Week 10 – Don’t Lose Yourself

Schools will now be in the thick of planning for the return of children from the 1st of June. In considering this blog, I started thinking about the big questions on leaders’ minds: risk assessments, social distancing with children, bereavement, what to teach, wellbeing and anxiety – the list goes on. I did find however that a quick google search will give you a plethora of resources that can meet the varying needs of individual settings. Blogging about these therefore seems pointless. It also occurred to me that right now, this preparation will consume your every second and you’re entering SORT IT MODE again from week one. It is very easy therefore to forget who you are as a leader. Below I discuss some ideas that may help leaders reconnect with their core purpose in a time when it is so easy to lose yourself.

Cover It All but Focus on what Matters to You

You have no choice but to wade through the DfE ‘Planning Guide for Primary Schools’ and your trust or LA risk assessment. Complete these tasks comprehensively and make sure you disseminate these to all stake holders but once this is done, focus on the parts of these documents that mean the most to you. Among your personal foci, the wellbeing of your community and acknowledging the fact that things aren’t normal and won’t be for some time should be at the top of your list. Make sure all staff have a key person they can talk to about their experiences, probably a member of SLT. Put CPD on hold and use staff meeting time to share experiences and pull together as a team. Also, use SLT time to plan a temporary wellbeing curriculum that will meet the needs of the children as they return. Make sure teachers don’t plan for normal lessons until the children are ready. Instead, allow plenty of time for children to talk about their experiences and fears planning in school wide activities that can explore how they are feeling allowing them to realise that talking about this event is OK. Be prepared to offer 1:1 sessions for children and staff who are struggling with the return to school.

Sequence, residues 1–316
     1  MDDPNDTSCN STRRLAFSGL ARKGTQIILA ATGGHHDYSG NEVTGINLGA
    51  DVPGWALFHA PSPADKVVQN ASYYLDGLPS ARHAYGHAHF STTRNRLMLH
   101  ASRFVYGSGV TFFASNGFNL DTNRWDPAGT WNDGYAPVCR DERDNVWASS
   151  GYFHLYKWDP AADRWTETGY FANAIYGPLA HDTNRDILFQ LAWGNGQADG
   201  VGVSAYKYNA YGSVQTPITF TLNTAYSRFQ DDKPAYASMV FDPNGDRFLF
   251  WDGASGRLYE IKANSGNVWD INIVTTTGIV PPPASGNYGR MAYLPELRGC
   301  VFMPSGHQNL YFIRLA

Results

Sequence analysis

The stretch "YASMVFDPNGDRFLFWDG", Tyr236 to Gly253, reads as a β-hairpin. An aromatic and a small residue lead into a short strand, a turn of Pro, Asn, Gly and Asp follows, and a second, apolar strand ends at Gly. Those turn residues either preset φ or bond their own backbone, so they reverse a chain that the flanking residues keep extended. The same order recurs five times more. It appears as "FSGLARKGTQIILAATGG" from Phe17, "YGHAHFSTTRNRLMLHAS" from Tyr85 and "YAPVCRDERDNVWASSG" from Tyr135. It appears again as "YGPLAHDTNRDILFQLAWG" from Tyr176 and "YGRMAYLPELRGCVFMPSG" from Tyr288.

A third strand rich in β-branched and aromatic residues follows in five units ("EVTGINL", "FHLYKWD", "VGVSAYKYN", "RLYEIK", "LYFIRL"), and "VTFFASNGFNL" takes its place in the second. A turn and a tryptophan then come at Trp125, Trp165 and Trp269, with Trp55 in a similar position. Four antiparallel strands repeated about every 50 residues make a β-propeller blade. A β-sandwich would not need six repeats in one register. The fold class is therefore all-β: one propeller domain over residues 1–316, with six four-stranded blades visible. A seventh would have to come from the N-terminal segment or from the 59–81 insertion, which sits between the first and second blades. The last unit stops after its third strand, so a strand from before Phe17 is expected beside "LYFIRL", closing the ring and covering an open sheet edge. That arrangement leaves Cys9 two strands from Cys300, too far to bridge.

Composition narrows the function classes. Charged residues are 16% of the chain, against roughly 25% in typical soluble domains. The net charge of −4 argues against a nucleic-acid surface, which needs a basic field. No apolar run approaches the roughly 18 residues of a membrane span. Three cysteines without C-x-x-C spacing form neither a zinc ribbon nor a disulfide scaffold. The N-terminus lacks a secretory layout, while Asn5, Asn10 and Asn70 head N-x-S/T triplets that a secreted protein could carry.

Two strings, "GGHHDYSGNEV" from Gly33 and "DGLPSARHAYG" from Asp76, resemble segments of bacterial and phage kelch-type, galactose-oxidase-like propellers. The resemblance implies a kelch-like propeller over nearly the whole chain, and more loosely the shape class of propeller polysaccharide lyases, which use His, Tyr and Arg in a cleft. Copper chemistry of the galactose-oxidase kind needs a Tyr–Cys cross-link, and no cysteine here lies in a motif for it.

Availability & Presence

Be available. I have no doubt that in this crazy time, there will be endless amendments to the risk assessment and emails to keep on top of, but your visibility is needed more than ever as we return. Make a point of timetabling your day into office tasks and walking around your site. Unless it’s an emergency, do not be distracted from letting the children and staff see you walking the building emanating positivity and warmth. They need to see you right now. Also, even though parents aren’t allowed into the building, let your community know that you are contactable should they have any concerns and use this opportunity to instil confidence and calm in anxious parents.

Be a Role Model

As with normal school life, staff and children will look to you to understand how they should be behaving. Because of this, your behaviour has to be a managed and choreographed positive display. In order to do this you have to recognise and manage your own worries first. Be open about sharing these with your staff and children but explain what you are doing to make yourself feel calm. There may also be pockets of tension or panic as situations present themselves. Take a deep breath and react to these in a calm and controlled manner, displaying the behaviours you expect to see in any crisis. Being consistent with this will teach others how they should be behaving and will go a long way to diffuse the tension in this worrying time.

The challenges ahead are great, but it is because of this that strong, positive leadership is needed more than ever. Take a minute during the madness to return to your core values as a leader and make sure these shine through the chaos as children and staff return to your building.

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